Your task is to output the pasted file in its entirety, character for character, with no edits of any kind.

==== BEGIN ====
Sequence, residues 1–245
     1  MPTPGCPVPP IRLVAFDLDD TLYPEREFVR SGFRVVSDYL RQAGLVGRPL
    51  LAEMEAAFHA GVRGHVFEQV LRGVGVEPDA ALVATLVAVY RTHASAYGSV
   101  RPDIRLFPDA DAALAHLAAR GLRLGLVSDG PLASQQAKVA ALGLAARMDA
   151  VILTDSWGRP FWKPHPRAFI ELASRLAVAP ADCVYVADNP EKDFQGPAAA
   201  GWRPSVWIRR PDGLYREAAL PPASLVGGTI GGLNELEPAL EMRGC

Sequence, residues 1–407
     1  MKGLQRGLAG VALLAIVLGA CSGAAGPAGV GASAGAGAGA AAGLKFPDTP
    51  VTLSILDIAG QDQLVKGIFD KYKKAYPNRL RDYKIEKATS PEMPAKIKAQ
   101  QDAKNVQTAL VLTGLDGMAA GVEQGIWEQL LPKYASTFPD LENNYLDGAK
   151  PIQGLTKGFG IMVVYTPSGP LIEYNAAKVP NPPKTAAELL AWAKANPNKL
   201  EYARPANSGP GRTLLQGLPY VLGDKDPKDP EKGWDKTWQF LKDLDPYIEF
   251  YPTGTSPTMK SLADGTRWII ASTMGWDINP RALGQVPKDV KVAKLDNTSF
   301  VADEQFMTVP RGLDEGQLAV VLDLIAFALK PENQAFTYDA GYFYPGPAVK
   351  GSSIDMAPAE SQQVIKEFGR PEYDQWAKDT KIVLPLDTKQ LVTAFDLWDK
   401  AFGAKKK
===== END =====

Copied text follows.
Sequence, residues 1–245
     1  MPTPGCPVPP IRLVAFDLDD TLYPEREFVR SGFRVVSDYL RQAGLVGRPL
    51  LAEMEAAFHA GVRGHVFEQV LRGVGVEPDA ALVATLVAVY RTHASAYGSV
   101  RPDIRLFPDA DAALAHLAAR GLRLGLVSDG PLASQQAKVA ALGLAARMDA
   151  VILTDSWGRP FWKPHPRAFI ELASRLAVAP ADCVYVADNP EKDFQGPAAA
   201  GWRPSVWIRR PDGLYREAAL PPASLVGGTI GGLNELEPAL EMRGC

Sequence, residues 1–407
     1  MKGLQRGLAG VALLAIVLGA CSGAAGPAGV GASAGAGAGA AAGLKFPDTP
    51  VTLSILDIAG QDQLVKGIFD KYKKAYPNRL RDYKIEKATS PEMPAKIKAQ
   101  QDAKNVQTAL VLTGLDGMAA GVEQGIWEQL LPKYASTFPD LENNYLDGAK
   151  PIQGLTKGFG IMVVYTPSGP LIEYNAAKVP NPPKTAAELL AWAKANPNKL
   201  EYARPANSGP GRTLLQGLPY VLGDKDPKDP EKGWDKTWQF LKDLDPYIEF
   251  YPTGTSPTMK SLADGTRWII ASTMGWDINP RALGQVPKDV KVAKLDNTSF
   301  VADEQFMTVP RGLDEGQLAV VLDLIAFALK PENQAFTYDA GYFYPGPAVK
   351  GSSIDMAPAE SQQVIKEFGR PEYDQWAKDT KIVLPLDTKQ LVTAFDLWDK
   401  AFGAKKK